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A voice for the voiceless

Written By Warren Chapman

Haylieh Palma Martinez, a rising senior at East Mecklenburg High School in Charlotte, North Carolina, aims to work as an activist and to be a representation of a successful first-generation student.

She also wants through journalism to spread a reliable message of encouragement for the voiceless in society.

Martinez noted that the demographics at East Mecklenburg High School are approximately 60 percent Hispanic student population. Even though Hispanic students represent the majority of students at her school, “many Hispanic students don’t feel well represented within the student body,” she said. ”The events that are held at the school are predominantly white and do not express Hispanic culture.

“You can also see the lack of Hispanic culture with the honors, AP, or IB classes, with the low Hispanic representation,” said Martinez.

Martinez said she feels the need to lead by example and maintain good grades in her International Baccalaureate (IB) classes so that other Hispanic students are encouraged to do the same. Martinez wants to be a role model for younger Hispanic students.

Ever since Martinez was a little girl, she knew someday she would become a writer. “I am a first-gen student, daughter to immigrants, and that is what inspires me to help the voiceless,” she said.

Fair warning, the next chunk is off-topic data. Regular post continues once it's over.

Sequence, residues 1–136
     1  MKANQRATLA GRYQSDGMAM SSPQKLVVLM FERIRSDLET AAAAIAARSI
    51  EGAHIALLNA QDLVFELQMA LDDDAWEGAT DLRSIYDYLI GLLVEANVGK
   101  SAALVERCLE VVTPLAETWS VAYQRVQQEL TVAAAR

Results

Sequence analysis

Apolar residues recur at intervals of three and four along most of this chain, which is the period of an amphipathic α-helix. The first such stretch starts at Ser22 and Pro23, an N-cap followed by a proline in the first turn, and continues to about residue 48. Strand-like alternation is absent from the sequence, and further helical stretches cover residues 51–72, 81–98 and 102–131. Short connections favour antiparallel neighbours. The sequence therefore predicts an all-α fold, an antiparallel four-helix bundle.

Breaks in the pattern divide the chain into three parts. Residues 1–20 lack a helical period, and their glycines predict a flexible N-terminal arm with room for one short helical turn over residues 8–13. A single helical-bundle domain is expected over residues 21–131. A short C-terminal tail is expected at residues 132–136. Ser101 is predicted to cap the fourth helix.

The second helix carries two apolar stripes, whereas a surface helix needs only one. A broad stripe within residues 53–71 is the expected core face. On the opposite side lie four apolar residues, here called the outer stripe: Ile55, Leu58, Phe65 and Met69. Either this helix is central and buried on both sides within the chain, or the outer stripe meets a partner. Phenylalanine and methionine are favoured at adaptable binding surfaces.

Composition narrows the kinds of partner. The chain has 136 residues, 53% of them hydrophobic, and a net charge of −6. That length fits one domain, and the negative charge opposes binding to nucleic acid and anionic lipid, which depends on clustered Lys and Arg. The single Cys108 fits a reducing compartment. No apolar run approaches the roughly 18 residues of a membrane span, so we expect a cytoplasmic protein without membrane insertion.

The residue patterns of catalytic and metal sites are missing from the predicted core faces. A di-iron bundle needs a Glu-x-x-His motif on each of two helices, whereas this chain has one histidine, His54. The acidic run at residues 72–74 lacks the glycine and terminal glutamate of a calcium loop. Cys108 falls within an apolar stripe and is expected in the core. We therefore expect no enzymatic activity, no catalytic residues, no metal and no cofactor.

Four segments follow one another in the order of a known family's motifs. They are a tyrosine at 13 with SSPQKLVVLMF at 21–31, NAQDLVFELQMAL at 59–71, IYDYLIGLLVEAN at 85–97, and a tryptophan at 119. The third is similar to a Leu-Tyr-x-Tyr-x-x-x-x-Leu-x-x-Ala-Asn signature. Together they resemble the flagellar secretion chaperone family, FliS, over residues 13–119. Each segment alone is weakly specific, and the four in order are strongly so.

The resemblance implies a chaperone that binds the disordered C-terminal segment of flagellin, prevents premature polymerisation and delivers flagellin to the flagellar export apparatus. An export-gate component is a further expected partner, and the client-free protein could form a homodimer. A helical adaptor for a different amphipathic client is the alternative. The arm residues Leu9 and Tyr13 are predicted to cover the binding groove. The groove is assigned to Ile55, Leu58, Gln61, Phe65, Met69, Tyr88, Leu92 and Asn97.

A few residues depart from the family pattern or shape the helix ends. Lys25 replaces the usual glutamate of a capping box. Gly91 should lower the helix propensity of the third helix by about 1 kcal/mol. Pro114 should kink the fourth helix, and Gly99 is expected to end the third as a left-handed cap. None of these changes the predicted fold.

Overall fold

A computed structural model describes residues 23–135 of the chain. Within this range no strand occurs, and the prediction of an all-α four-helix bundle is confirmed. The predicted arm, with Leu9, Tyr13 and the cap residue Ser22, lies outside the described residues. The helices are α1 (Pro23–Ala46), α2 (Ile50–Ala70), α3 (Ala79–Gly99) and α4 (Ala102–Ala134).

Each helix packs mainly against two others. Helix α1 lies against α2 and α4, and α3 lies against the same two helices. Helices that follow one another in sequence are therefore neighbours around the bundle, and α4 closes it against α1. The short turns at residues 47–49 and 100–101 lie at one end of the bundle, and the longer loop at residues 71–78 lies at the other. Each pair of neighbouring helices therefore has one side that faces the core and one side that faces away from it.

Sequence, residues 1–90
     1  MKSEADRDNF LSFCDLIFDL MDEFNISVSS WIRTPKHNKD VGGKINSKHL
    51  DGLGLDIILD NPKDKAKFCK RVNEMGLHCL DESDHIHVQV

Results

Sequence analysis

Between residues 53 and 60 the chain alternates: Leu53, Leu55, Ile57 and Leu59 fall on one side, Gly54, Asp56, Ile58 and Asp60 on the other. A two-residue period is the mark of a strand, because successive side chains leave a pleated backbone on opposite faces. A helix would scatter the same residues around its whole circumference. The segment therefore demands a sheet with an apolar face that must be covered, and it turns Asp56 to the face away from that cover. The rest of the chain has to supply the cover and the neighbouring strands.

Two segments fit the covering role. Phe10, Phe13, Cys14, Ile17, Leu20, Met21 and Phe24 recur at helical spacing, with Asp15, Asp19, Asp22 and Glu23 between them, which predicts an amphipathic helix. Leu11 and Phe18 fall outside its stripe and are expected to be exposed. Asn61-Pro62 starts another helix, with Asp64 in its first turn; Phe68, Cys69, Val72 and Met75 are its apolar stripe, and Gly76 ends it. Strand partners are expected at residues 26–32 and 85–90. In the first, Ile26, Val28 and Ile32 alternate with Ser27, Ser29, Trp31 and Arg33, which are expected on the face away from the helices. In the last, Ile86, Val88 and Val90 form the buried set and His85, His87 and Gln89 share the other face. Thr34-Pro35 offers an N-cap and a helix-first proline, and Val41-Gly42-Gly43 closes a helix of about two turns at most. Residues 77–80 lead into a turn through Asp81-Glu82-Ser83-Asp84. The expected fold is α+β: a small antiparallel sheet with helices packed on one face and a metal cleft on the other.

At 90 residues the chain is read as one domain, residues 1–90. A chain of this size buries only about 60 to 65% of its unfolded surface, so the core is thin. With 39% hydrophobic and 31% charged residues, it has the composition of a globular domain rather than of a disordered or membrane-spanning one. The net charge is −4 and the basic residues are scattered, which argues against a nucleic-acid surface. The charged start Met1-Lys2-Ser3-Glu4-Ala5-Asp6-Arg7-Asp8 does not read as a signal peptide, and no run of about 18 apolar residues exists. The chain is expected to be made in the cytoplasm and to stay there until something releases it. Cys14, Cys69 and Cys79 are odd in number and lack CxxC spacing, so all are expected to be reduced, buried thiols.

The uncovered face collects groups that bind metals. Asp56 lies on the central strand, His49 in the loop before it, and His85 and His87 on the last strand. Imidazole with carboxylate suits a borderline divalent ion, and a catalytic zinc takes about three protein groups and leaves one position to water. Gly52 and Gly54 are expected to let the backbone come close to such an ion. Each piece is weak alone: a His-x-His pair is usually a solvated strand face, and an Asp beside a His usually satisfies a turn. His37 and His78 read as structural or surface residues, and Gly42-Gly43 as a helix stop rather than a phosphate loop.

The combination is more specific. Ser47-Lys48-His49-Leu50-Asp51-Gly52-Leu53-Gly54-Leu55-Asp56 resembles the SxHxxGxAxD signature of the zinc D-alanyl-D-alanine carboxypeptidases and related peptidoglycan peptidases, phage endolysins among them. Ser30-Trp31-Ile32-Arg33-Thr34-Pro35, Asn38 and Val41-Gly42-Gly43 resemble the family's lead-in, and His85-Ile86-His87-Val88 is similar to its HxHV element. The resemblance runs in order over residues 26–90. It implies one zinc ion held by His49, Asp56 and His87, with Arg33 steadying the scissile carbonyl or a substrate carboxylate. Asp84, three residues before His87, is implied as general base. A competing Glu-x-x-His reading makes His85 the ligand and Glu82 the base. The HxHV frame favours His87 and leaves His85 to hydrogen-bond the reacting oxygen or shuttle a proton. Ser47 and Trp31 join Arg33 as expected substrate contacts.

Martinez always had a passion for writing and wants to make journalism her career. Martinez describes herself as “caring, extremely organized, goal-oriented, and good at time management,” attributes that fit with being a journalist and a leader.

One of the leaders Martinez respects is Congresswoman Alexandria Ocasio Cortez because she represents Hispanic culture nationally and because of her professional status as a Congresswoman.

Martinez said she was proud of Congresswoman Cortez at the 2020 State of the Union Address where she was wearing “red lips and big gold hoop earrings,” showing her pride as a Hispanic woman.

As a representative of the Hispanic community, Martinez wants to “shed light on the injustices occurring within that community and ultimately around the world.”

Martinez emphasized that she wants to become a reliable source of news for her Hispanic community.

“I think so many people struggle with trusting the media and finding a reliable news source, and I want that to change,” said Martinez. “I want the public to restore their faith in journalism.”